The clock drift between the system clocks of the nodes #1 . . . #n of a network 1 is typically specified in parts per million (ppm). For example, a clock with a drift of 5 ppm may show a maximum deviation from the exact value of +5 μs or −51 μs every second. Therefore the absolute clock drifts in both nodes #1 and #2 are proportional to the elapsed time since they had the last communication, which is indicated by the time t1.

The maximum clock drift time TADD occurred in each of the nodes #1 and #2 since the last communication is calculated by:
T ADD=θ(t NXT −t 1)=θ(T 1+(N+1)T PL)   (3)
wherein θ is the clock drift. However, the node #2 should start the transmission of the wake-up signal WU two times the maximum clock drift TADD before the calculated tNXT. The reason for this is the worst case scenario in which one clock of the nodes #1, #2 could be advanced while the other delayed the same amount. The calculated starting point tWU ST for the wake-up signal in node #2 is therefore:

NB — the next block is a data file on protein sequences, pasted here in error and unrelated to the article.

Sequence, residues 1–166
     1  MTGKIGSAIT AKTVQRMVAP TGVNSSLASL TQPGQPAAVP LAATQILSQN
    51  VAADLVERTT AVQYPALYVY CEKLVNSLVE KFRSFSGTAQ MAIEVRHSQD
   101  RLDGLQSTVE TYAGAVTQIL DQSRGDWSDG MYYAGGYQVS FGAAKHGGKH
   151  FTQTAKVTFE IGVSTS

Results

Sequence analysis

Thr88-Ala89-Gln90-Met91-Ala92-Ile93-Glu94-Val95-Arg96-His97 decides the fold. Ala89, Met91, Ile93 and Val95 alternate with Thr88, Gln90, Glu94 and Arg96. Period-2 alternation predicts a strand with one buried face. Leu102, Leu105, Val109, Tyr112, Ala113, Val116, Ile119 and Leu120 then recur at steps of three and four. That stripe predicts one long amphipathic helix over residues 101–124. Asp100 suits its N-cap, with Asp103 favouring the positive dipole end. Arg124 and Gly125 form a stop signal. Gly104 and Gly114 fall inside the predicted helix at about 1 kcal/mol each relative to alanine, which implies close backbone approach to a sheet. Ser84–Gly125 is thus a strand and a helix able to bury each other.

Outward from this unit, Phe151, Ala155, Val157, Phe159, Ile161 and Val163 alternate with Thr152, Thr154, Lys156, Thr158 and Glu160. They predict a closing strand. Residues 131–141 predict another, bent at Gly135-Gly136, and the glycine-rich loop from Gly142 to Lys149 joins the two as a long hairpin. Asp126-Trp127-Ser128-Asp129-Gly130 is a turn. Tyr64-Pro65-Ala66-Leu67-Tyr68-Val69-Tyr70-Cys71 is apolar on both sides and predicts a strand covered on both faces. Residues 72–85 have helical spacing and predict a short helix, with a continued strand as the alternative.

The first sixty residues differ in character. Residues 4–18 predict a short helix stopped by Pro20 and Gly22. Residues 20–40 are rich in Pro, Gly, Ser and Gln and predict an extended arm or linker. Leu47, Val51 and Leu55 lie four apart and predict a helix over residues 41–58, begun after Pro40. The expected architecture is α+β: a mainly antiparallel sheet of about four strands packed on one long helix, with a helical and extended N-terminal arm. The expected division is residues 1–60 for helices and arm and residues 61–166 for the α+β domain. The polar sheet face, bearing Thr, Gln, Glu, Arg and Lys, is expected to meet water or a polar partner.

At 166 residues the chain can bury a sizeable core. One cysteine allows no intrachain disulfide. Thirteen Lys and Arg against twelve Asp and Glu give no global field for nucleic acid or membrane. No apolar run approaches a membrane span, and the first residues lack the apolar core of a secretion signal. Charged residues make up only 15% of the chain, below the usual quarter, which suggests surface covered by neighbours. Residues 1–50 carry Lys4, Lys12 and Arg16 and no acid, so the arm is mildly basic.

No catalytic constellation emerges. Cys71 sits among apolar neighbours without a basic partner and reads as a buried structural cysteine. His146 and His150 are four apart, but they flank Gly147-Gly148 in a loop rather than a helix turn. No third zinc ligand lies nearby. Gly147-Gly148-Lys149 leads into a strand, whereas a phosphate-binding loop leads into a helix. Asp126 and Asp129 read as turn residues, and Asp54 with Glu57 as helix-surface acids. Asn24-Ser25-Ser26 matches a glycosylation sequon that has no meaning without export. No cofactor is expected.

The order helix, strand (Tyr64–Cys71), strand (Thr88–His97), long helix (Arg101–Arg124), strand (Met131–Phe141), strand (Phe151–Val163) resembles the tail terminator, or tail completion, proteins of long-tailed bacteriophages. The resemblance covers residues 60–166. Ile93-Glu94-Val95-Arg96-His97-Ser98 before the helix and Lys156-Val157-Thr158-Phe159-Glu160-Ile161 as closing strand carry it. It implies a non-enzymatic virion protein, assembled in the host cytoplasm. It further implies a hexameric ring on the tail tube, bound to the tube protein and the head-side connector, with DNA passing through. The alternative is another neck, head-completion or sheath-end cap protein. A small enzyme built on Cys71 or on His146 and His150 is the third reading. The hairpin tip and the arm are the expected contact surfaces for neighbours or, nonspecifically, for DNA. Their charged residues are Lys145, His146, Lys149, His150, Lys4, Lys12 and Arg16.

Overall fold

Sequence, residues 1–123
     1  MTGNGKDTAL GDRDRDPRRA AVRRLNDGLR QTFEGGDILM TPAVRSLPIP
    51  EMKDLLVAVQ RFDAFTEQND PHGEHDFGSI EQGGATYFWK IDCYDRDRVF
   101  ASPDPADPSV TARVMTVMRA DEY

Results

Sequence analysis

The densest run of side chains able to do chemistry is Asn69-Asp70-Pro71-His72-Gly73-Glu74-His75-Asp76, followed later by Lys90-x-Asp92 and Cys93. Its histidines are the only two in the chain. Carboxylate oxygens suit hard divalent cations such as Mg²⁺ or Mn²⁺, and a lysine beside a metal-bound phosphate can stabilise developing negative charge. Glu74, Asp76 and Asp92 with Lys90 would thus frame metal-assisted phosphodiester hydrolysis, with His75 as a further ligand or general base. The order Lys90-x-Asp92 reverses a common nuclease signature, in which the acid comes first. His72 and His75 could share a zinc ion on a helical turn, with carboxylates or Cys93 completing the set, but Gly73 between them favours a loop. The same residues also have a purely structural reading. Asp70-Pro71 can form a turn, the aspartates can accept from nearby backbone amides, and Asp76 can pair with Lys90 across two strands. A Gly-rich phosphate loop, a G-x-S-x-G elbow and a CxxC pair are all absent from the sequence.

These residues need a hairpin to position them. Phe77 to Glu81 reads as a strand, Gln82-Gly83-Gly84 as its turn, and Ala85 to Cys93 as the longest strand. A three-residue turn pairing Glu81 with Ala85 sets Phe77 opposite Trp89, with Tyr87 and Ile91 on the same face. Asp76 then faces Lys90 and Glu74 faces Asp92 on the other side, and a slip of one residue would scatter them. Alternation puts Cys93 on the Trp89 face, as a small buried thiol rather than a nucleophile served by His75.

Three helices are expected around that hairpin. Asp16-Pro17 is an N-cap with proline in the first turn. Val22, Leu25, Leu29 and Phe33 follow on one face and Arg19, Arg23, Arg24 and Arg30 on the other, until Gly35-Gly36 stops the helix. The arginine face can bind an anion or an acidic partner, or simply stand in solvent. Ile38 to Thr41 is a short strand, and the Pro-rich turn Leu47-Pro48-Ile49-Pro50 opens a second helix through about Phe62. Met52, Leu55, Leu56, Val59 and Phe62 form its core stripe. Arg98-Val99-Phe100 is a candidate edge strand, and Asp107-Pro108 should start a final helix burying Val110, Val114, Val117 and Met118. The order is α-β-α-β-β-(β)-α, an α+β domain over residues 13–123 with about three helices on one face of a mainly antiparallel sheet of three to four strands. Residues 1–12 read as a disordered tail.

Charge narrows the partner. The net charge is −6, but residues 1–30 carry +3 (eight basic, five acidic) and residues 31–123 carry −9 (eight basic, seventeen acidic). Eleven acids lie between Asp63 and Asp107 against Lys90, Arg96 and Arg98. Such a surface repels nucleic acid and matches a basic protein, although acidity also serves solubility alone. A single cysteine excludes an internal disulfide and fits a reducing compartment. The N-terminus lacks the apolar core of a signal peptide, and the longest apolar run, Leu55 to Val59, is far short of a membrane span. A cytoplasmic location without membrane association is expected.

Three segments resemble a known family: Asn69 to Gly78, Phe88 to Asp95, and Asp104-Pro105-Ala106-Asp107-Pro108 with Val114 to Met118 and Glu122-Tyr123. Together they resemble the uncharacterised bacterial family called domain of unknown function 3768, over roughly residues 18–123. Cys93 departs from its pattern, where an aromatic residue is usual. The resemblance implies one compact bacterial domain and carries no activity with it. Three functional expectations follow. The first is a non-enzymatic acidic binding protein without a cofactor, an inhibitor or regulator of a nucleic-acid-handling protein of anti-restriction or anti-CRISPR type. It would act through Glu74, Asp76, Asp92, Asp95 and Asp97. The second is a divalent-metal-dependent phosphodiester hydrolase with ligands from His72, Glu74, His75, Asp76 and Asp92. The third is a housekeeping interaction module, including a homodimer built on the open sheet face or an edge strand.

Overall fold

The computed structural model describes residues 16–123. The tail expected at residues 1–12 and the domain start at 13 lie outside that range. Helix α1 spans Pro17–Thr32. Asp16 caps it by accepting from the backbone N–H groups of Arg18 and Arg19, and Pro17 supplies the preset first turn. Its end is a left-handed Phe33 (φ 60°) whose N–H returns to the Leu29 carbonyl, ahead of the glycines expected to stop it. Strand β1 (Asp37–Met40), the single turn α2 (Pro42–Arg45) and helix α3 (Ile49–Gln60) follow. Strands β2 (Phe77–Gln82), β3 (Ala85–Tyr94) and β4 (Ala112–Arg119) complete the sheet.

t WUP ST =t NXT−2T ADD =t NXT−2θ(T 1+(N+1)T PL)=t 1+(1−2θ)(T 1+(N+1)T PL)   (4)

The drift clock time TADD has to be taken into account also for the calculation of the wake-up signal duration TWU. If the clock in node #2 is advanced to TADD and the clock in node #1 is delayed by the same amount, and node #2 starts the transmission of the wake-up signal WU two times TADD before tNXT, it could happen that the wake-up signal WU starts 4TADD before the reception slot RX really starts in node #1. Considering this, the duration TWUP of the wake-up signal WU should be:
T WUP =T SL+4θ(T 1+(N+1)T PL)   (5)
T WUP =T SL +T ADD =T SL+4θ(T 1+(N+1)T PL)

As the maximum duration of signal is the listening period TSL, the equation (5) is modified to:
T WUP=mim{T PL , T SL+4θ(T 1+(N+1)T PL)}  (6)

Thus, by calculating tWUP ST and TWUP, the duration of the wake-up signal can be reduced and hence the power consumption. For example, if the listening time TPL is 1 s, the clock drift is 50 ppm, the reception slot time TSL is 10 ms and the last communication between two nodes occurred 1 minute ago, the wake-up signal length calculated based on equation (6) is only 22 ms, instead of 1 s.